Little research has addressed the heterogeneity and mortality risk in body mass index (BMI) trajectories among older populations. Applying latent class trajectory models to 9,538 adults aged 51 to 77 years from the US Health and Retirement Study (1992-2008), we defined 6 latent BMI trajectories: normal weight downward, normal weight upward, overweight stable, overweight obesity, class I obese upward, and class II/III obese upward. Using survival analysis, we found that people in the overweight stable trajectory had the highest survival rate, followed by those in the overweight obesity, normal weight upward, class I obese upward, normal weight downward, and class II/III obese upward trajectories. The results were robust after controlling for baseline demographic and socioeconomic characteristics, smoking status, limitations in activities of daily living, a wide range of chronic illnesses, and self-rated health. Further analysis suggested that BMI trajectories were more predictive of mortality risk than was static BMI status. Using attributable risk analysis, we found that approximately 7.2% of deaths after 51 years of age among the 1931-1941 birth cohort were due to class I and class II/III obese upward trajectories. This suggests that trajectories of increasing obesity past 51 years of age pose a substantive threat to future gains in life expectancy.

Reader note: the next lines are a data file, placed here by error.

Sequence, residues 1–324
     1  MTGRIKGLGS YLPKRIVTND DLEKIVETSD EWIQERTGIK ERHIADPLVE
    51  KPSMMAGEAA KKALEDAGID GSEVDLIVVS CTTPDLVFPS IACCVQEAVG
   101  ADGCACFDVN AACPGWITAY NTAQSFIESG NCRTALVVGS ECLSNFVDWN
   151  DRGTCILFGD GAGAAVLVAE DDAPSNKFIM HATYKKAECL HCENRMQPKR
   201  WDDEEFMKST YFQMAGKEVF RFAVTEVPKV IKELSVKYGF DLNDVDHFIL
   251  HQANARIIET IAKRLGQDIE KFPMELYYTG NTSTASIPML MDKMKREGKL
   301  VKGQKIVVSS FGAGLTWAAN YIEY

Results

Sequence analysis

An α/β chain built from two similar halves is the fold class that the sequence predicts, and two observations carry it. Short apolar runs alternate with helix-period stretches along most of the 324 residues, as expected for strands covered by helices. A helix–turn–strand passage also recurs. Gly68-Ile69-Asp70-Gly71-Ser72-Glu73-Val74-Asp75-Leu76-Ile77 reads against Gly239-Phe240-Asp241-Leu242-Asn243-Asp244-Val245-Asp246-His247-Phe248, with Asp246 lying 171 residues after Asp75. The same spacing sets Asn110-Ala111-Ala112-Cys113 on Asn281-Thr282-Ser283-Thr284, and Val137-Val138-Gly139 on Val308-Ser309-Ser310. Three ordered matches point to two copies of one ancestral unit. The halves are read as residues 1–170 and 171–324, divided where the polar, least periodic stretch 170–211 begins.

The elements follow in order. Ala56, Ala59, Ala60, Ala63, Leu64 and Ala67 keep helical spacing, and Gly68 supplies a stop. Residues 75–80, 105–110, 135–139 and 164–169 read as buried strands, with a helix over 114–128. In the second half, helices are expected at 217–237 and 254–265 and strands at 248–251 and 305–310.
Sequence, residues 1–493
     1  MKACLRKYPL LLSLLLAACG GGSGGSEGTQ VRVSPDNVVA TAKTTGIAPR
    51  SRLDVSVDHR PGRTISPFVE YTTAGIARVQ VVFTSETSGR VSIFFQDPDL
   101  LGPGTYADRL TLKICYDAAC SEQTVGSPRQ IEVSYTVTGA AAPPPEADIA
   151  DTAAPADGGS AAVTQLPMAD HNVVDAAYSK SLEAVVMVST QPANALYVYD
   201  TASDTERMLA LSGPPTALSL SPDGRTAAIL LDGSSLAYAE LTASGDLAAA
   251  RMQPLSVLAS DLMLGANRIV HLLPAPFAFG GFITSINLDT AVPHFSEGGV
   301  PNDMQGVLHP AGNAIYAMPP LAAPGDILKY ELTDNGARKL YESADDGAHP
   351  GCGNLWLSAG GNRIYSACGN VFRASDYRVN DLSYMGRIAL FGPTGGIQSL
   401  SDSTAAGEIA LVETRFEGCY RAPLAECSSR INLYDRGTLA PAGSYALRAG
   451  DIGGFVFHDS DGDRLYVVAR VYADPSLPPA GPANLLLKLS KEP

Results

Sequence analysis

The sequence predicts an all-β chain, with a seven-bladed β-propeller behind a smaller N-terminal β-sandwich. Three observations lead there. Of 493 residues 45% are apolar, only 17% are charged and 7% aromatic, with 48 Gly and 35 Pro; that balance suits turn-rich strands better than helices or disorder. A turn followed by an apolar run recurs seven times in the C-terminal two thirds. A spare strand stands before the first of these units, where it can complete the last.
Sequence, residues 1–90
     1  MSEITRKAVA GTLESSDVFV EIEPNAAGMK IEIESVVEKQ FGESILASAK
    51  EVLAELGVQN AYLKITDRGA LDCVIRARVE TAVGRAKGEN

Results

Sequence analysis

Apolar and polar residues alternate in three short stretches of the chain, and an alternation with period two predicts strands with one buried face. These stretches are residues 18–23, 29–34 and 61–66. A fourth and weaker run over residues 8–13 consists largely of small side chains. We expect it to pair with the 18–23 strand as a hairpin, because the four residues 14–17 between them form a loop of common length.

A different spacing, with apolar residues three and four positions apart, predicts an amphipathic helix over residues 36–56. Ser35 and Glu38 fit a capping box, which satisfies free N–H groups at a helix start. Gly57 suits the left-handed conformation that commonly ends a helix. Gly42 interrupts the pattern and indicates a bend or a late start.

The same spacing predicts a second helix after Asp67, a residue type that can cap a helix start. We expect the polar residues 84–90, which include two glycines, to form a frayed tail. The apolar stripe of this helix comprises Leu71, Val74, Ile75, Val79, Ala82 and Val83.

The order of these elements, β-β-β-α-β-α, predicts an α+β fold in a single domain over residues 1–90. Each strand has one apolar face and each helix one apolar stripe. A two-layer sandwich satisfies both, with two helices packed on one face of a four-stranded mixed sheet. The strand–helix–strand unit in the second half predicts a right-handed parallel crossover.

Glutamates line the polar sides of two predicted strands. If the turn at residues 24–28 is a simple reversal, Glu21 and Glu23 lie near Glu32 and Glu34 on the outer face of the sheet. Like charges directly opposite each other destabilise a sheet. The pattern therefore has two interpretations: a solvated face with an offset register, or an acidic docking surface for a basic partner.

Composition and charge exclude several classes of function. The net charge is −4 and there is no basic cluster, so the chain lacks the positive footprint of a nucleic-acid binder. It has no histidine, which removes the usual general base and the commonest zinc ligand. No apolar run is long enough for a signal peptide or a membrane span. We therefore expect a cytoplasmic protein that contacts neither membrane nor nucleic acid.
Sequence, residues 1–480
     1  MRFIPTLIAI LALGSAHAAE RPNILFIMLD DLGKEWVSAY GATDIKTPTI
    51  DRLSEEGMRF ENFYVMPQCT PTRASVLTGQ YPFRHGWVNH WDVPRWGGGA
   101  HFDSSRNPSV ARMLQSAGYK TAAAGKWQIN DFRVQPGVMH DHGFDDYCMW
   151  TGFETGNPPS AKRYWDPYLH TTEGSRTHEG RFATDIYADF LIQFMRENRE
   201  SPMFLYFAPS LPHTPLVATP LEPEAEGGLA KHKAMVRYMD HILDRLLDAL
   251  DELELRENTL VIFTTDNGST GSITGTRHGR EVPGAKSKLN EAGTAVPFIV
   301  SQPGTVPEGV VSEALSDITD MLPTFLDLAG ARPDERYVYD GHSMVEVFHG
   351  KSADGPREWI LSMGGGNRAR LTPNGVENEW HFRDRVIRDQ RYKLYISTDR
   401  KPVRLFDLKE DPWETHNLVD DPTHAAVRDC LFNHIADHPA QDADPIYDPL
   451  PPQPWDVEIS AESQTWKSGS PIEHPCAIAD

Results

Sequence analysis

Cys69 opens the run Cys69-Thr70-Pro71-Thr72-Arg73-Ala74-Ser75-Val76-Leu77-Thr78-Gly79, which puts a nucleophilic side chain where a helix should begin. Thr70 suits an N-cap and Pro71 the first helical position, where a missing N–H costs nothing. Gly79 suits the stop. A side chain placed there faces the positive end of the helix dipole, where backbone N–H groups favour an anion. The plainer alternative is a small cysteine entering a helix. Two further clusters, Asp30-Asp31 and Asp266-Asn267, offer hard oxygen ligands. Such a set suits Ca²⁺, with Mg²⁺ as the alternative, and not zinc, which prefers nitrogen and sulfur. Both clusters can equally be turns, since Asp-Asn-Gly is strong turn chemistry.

Keywords: United States; body mass index trajectories; heterogeneity; mortality; obesity.